Cremation Startup By Former Nike Executives, Disaster Mortuary Response, and Burial Economics in New York City

Monday, April 22, 2019

Happy Spring! Thanks to everyone that stopped by at the ICCFA Convention in Charlotte - always a good show. We are also at the New Jersey Cemetery Association in Atlantic City this week, so say hello if you are there. I have been wanting to share a few longer articles with everyone that I thought were quite good!

First, Adweek has an interview with the founders of Solace, a new direct cremation startup from by two former Nike executives. David and Kevin had left Nike to form their own design and branding agency, but entered the death care industry with Solace to bring a digital, consumer focused cremation product to market.

While I am not sure how accurate it is that enough funeral homes "still use typewriters and fax machines," everything from the messaging to the urn design to the website interface are targeted towards a younger demographic. Despite being primarily an online resource, they have a "care team" with 24/7 availability via phone or chat. The team obviously has done a lot of market research, and interestingly enough found "that consumers liked the idea of the more moderate price point, which would allow them to spend more on celebrations and memorials."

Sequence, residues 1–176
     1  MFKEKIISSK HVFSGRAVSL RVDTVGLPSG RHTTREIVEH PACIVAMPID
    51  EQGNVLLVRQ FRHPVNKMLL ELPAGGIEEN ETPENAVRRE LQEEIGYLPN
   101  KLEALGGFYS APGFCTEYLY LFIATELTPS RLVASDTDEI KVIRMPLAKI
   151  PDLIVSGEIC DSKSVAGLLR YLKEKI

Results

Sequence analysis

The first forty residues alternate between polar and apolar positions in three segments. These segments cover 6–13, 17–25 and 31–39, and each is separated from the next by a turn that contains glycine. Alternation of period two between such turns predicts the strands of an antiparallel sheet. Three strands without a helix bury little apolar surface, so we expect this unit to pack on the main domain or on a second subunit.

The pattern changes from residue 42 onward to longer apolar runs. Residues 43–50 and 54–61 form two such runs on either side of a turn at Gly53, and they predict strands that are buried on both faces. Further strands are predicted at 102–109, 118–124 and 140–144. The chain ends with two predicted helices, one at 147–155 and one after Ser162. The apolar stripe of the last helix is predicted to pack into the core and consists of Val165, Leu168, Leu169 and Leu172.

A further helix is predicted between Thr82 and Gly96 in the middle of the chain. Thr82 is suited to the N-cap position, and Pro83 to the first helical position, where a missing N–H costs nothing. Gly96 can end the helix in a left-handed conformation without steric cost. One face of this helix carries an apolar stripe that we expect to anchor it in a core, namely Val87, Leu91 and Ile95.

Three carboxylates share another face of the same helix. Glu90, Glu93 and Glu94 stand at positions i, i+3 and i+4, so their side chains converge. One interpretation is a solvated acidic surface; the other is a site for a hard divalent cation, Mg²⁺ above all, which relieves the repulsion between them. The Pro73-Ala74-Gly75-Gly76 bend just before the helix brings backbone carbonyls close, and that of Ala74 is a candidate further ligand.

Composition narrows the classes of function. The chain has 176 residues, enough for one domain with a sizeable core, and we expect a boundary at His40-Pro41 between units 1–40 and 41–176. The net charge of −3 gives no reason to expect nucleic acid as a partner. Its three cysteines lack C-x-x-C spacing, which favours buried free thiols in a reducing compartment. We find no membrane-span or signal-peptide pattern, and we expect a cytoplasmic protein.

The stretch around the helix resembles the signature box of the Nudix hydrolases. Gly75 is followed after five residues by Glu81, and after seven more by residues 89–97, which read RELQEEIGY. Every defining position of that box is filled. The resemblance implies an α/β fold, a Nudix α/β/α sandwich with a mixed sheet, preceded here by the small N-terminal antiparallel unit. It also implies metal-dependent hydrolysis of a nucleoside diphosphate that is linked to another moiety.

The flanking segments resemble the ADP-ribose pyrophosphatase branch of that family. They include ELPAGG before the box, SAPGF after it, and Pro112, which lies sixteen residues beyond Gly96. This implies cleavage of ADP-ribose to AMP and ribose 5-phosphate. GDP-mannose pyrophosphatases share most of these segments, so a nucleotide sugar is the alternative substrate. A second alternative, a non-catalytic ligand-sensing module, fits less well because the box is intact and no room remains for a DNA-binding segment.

The second article is about the Department of Health and Human Services Disaster Mortuary Operational Response Team (DMORT), a team of 186 people that can be deployed to disaster areas by the federal government. Hurricane Katrina and Hurricane Maria in Puerto Rico, for example, required a significant DMORT presence - and these morticians can get caught up in the surprisingly political aspect of the official death toll. The wildfires in Paradise, California saw a DMORT team leader dispatched to assist local officials, in what was likely the first wildfire response for the group. 

Lastly, the New York Times wrote about the economics of burials in New York City, and the ways that different cemeteries in the area have extended the life of their properties. Many cemeteries had thought they might run out of grave space much sooner than they predict today, as they adjust their plans in response to rising cremation rates.

Thanks for reading!